There is also Napoleon brandy and a delicious custard-filled puff pastry dessert that bears the name Napoleon!

Napoleons All – WIF Lineage

Notebooks – WIF Historical Scribbling

Leave a comment

Not This Kind!!!

10 Historically

Important Notebooks

You’ll find them in almost every shop and of varying shapes and sizes, but, at times, the humble notebook has actually played an important part in history. From influencing philosophical thought to illuminating the theory behind The Origin of Species, these examples will show you how important a little copy for keeping records in can be. Some revealed hidden truths about their writers posthumously, while some just helped the writer organize their mind, but all have been important in human history.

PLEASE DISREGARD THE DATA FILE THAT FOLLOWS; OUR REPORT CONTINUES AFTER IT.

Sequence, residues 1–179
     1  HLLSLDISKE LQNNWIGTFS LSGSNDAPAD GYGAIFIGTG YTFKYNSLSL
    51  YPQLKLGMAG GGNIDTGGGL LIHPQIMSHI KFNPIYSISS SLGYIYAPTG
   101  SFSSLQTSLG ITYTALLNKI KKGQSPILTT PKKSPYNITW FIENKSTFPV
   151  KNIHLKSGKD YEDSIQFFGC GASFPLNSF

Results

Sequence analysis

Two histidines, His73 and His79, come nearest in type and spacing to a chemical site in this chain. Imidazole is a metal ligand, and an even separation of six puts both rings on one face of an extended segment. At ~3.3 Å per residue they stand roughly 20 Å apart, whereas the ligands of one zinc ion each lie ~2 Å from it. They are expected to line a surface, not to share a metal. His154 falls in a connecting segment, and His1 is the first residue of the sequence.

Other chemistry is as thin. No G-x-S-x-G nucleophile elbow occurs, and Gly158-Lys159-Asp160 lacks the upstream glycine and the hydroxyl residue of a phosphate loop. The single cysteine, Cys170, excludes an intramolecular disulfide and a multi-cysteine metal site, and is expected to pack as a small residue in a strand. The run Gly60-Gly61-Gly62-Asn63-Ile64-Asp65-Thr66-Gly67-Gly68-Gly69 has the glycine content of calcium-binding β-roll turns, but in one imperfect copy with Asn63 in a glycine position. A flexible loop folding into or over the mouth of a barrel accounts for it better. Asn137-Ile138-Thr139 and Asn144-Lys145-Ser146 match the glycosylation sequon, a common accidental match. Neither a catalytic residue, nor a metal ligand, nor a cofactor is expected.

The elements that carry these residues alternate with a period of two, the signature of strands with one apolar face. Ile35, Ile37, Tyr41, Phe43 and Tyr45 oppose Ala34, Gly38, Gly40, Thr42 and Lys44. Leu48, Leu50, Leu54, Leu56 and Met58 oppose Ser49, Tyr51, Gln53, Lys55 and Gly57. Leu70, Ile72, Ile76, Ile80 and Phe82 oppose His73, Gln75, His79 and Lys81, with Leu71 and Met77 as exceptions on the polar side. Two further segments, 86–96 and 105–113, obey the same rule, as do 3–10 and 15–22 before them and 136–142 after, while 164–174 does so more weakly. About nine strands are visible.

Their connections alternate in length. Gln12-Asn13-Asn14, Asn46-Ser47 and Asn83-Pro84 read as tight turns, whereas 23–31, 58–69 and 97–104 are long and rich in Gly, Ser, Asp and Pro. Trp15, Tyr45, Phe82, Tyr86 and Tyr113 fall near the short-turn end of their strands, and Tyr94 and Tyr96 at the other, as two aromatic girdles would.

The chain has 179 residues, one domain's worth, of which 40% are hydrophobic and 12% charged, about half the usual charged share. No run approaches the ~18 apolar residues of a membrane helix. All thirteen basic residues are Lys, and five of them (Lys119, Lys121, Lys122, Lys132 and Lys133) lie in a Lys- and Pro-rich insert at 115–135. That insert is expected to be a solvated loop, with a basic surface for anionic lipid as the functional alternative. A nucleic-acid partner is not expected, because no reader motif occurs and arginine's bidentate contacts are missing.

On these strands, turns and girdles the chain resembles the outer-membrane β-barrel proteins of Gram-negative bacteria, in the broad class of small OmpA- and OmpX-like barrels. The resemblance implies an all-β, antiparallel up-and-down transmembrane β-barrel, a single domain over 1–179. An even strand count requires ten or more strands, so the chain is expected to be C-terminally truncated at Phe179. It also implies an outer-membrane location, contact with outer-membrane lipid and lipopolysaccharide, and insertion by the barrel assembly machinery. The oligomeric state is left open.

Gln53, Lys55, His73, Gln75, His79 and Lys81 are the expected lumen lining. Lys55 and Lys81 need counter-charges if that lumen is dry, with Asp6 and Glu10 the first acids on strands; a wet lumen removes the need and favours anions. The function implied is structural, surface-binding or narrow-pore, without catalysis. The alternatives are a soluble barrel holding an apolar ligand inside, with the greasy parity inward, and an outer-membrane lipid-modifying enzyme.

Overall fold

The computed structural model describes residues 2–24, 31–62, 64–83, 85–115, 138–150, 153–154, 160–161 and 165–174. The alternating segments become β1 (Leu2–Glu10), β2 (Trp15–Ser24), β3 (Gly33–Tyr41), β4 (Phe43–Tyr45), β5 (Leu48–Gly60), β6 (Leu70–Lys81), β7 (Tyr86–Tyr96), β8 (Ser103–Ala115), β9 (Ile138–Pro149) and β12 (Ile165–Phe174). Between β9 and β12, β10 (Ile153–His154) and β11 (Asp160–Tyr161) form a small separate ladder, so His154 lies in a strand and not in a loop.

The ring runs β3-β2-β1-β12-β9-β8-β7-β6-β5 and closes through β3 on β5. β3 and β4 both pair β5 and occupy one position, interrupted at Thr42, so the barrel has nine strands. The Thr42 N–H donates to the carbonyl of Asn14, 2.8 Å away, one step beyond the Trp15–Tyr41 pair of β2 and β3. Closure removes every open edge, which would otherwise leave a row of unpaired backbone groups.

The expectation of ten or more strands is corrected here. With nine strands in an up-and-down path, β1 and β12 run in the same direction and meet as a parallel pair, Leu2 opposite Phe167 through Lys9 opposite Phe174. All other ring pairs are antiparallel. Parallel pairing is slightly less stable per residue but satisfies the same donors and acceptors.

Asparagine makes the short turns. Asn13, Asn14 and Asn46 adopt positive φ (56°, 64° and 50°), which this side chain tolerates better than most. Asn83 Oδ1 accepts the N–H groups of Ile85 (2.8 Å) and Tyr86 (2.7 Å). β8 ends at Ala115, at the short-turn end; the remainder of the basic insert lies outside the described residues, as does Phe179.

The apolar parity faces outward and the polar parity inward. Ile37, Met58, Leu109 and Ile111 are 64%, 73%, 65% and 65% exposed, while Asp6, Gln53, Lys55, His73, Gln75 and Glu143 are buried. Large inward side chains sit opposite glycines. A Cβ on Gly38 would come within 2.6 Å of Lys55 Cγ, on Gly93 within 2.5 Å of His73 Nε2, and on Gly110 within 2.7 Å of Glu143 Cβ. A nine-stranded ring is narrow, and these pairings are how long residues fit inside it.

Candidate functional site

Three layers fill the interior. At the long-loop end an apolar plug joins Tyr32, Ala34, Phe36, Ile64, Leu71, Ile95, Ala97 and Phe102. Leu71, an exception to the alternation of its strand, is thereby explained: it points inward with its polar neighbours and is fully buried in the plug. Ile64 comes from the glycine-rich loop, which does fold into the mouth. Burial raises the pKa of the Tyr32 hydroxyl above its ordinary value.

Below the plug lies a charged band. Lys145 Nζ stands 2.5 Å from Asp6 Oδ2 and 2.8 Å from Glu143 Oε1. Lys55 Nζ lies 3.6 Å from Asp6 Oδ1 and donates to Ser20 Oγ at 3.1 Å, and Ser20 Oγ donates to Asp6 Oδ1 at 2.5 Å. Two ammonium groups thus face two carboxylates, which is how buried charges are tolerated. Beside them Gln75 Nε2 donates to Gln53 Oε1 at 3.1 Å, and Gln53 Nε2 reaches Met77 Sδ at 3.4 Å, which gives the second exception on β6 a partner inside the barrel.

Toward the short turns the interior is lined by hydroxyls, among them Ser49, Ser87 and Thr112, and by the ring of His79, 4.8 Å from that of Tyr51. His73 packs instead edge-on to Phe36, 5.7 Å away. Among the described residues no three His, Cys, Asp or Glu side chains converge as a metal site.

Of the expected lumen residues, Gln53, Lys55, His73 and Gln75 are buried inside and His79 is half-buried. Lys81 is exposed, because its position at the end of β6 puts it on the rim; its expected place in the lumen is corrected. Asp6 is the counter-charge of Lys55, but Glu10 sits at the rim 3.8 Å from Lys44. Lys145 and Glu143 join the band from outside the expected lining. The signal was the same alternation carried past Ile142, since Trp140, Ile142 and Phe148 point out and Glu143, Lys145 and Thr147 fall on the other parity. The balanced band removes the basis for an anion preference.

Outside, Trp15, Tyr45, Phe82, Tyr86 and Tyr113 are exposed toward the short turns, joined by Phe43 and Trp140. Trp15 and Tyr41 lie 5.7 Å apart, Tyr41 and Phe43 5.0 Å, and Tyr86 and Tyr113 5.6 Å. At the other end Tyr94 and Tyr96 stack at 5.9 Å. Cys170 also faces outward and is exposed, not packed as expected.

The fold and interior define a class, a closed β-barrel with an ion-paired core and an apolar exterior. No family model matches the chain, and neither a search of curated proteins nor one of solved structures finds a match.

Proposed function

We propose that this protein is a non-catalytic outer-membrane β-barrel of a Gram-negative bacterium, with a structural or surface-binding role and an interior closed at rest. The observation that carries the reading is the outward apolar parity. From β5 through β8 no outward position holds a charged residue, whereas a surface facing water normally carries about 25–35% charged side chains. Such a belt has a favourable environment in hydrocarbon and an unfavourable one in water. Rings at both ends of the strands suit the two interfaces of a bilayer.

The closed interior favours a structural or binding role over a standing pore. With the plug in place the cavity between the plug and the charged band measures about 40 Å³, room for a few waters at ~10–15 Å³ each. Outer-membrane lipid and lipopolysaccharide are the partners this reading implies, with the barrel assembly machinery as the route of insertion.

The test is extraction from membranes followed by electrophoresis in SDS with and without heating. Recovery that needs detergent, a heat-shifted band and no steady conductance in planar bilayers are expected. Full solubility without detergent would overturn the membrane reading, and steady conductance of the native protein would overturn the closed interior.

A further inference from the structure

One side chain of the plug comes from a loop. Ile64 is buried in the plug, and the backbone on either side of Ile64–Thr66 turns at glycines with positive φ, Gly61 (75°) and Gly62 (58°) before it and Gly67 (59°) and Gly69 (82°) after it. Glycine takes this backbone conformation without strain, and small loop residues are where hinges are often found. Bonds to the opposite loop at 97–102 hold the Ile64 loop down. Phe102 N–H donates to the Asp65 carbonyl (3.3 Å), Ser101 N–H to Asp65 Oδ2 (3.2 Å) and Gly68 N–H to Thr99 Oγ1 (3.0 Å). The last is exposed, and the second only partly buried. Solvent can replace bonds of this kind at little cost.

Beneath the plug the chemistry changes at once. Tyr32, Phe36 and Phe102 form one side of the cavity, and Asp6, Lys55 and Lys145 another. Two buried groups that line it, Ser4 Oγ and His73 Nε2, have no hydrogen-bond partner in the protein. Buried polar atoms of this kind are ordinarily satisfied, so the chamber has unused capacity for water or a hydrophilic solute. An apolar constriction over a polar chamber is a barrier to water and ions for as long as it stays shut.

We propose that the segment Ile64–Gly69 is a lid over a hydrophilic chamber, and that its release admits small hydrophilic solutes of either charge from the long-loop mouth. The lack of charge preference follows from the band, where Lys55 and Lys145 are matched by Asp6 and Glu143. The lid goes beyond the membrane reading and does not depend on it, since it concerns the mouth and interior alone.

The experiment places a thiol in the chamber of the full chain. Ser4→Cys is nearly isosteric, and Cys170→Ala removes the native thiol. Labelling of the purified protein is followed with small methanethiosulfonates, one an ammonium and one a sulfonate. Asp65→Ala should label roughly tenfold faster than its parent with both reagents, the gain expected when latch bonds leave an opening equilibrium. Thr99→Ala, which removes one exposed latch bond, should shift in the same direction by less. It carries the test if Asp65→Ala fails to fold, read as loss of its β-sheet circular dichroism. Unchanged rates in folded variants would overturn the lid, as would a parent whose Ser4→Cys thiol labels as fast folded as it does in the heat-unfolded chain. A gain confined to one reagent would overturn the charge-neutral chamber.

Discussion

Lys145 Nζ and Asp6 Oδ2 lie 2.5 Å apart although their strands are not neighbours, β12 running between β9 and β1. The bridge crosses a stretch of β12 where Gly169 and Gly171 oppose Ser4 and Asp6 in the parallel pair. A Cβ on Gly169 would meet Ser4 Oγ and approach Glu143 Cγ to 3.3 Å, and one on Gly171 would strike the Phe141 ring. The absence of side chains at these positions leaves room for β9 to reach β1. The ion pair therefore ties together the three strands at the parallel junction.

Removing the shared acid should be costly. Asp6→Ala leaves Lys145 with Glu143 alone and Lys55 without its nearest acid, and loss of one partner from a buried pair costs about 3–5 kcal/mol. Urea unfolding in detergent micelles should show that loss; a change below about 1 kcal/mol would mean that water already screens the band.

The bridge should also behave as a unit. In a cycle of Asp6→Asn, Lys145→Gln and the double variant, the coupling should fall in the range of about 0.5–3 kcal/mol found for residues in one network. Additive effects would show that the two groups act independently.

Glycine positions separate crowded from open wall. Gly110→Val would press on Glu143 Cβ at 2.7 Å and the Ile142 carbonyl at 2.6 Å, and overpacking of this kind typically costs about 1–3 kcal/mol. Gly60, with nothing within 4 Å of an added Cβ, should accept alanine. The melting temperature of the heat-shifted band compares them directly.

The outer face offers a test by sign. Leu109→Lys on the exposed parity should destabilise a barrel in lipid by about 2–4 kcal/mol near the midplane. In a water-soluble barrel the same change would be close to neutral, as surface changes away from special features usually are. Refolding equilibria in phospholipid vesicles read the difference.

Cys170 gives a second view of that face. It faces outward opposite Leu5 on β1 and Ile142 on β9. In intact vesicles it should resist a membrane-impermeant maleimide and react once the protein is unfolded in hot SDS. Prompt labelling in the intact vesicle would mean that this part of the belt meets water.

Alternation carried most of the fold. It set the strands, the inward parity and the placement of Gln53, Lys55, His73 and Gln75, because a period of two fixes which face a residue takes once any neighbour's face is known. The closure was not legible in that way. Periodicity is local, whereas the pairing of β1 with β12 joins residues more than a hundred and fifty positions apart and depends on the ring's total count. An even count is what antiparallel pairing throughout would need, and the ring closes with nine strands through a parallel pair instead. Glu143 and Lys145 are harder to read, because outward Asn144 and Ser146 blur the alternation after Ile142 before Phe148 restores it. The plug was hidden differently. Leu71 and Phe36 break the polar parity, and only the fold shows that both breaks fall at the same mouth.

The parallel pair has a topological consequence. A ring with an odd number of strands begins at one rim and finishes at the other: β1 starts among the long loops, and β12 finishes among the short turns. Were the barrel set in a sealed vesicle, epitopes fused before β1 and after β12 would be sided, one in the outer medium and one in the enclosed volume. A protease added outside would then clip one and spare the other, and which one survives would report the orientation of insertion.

10. Beethoven’s

‘conversation notebooks’


Beethoven is notorious for always having carried around a notebook (as well as being an acclaimed composer, obviously). In fact, paintings of him usually had him holding one of his notebooks.

They were just published in full by Walter Nohl of Munich, after being the most prized possession of the Berlin State Library’s Music Department.  He used them to compose music, of course, but also to write down quotations of significance to him – things like ‘Tis said, that art is long, and life but fleeting:—Nay; life is long, and brief the span of art; If e’re her breath vouchsafes with gods a meeting, A moment’s favor ’tis of which we’ve had a part.’ He called his notebooks ‘conversation notebooks’. As he was entirely deaf for the last 12 years of his life, Beethoven handed these to his conversation partners whenever he wished to talk. He usually replied orally.